Biden Tells Auto Workers 'I'm Back, You're Back, Industry's Back'

Madalyn Ruggiero/AP Photo

Vice President Joe Biden burst onto the scene of the 2012 presidential campaign today with a fiery speech before union workers in Ohio, portraying President Obama as a gutsy defender of the American auto industry who must be elected to a second term.

"I'm back, you're back and the industry's back," Biden told a cheering crowd at the United Auto Workers Local 12 in Toledo. "The president and I made a bet. A simple bet. We bet on you, we bet on American ingenuity. We bet on you, and we won."

Biden's vigorous defense of the 2009 government bailout of GM and Chrysler, the first of four issue-focused campaign speeches he plans to deliver over the next few weeks, underscored what Obama's campaign plans to make a major selling point and case study in "stark contrasts" with the Republican presidential field.

Mitt Romney "said that what we proposed 'is even worse than bankruptcy.' He said it would make GM 'the living dead,'" Biden said. "Newt Gingrich said it was 'a mistake.'"

"The guy I work for everyday, he didn't flinch," he added of Obama. "This is a man with steel in his spine."

Hailing the estimated one million auto industry jobs saved and more than 200,000 created since the government intervention, Biden doubled down on his declaration of victory while taking his rivals to task by name.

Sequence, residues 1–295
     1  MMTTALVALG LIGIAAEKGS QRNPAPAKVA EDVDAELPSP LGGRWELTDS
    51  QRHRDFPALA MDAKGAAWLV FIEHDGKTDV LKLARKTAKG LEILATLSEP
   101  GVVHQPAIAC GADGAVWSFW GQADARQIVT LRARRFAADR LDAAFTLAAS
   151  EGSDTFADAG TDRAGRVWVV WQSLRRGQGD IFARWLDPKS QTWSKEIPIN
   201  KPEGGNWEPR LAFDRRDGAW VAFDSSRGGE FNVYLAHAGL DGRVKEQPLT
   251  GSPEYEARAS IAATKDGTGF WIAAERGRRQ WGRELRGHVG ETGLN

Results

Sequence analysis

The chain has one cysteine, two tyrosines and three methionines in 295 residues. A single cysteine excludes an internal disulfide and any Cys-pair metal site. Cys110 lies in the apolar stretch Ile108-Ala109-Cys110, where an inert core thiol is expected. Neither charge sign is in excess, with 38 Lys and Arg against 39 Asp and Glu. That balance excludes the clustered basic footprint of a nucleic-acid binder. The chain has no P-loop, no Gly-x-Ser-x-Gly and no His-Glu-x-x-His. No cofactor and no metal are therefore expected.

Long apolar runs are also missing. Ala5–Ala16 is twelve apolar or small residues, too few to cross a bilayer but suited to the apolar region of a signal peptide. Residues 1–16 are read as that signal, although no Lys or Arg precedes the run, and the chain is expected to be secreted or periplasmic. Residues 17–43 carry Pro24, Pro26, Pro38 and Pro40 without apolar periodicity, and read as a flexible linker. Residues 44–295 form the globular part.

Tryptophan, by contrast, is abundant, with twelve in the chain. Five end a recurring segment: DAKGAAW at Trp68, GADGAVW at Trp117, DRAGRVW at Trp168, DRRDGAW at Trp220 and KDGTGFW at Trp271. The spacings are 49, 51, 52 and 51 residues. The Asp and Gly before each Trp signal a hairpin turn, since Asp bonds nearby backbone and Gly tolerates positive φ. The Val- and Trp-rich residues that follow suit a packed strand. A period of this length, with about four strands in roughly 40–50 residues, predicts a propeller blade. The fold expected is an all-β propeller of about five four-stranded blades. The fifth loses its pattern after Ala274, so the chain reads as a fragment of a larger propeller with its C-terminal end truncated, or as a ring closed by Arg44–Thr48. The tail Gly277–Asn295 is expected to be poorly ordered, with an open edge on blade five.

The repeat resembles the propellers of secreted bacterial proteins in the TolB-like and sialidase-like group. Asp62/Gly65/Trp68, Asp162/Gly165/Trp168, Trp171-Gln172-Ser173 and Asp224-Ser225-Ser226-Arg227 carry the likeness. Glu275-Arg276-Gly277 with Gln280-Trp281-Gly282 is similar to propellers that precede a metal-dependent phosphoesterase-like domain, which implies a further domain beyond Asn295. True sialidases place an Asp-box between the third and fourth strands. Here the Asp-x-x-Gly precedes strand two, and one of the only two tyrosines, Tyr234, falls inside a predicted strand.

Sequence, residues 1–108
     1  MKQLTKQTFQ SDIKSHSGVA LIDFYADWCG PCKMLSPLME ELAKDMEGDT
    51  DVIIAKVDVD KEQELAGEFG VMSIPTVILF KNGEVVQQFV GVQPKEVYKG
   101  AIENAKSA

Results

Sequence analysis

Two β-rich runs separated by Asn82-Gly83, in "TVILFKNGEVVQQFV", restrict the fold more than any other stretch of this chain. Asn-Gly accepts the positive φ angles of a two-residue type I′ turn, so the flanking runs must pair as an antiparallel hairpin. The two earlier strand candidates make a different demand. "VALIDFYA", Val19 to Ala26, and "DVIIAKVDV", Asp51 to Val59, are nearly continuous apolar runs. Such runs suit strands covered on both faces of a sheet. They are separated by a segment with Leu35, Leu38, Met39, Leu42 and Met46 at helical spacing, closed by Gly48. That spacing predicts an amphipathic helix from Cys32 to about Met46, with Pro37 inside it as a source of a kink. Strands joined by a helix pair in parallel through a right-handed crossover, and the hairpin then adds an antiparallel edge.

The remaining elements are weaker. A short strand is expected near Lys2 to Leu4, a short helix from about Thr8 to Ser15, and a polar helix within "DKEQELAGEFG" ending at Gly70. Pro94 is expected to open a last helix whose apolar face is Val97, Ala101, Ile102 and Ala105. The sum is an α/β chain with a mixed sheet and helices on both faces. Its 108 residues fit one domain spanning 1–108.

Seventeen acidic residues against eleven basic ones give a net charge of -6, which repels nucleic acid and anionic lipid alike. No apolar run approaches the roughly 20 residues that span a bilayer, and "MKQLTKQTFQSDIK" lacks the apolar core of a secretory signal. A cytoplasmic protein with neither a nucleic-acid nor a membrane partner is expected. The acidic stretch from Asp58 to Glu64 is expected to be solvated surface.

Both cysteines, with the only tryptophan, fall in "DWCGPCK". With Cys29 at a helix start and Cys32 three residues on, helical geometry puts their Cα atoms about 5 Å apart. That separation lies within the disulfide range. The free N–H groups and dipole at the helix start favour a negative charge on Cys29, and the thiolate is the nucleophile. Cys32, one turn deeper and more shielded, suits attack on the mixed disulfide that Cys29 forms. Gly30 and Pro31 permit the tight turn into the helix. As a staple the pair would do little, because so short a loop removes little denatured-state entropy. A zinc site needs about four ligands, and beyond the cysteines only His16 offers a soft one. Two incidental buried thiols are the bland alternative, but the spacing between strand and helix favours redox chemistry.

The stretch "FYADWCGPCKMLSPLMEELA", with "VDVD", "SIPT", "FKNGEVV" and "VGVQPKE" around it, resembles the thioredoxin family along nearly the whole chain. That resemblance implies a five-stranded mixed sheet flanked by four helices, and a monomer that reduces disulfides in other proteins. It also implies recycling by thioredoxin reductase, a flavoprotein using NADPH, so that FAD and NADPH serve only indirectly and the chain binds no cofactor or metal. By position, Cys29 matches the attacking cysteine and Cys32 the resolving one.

"He made the tough call and the verdict is in: President Obama was right, and they were dead wrong," Biden said, spurring perhaps the most spirited response to his address.

"And I say to Governor Romney: his prediction, Governor Romney's  prediction of the 'living dead,' we have now living proof," he added.

Biden for the first time directly rebutted Romney's claim that the industry could have survived without an infusion of taxpayer cash and that other automakers such as Ford could have picked up the slack in production if GM and Chrysler had gone down.  He even singled out Bain Capital, the investment firm Romney co-founded, for apparently not "lining up to lend anybody any money either."

"Mitt Romney, Rick Santorum, Newt Gingrich. These guys have a fundamentally different economic philosophy than we do," Biden said, framing the November election as a choice between competing visions rather than a referendum on the administration's record.

"If you give any one of these guys the keys to the White House, they will bankrupt the middle class again," Biden said.

This election is a "stark choice, but in my mind, not even a close call."

Romney campaign spokeswoman Andrea Saul responded to "attacks" on the former governor by invoking Biden's 2007 comment during the Democratic presidential primary that Obama was not ready to be president.

"More than four years later, it's clear that he was right," Saul said in an email. "Since taking office, President Obama has devastated the middle class by failing to live up to his promises of fixing unemployment, lowering gas prices, decreasing health care costs, and addressing the unsustainable federal debt."

This post has been updated from an earlier version.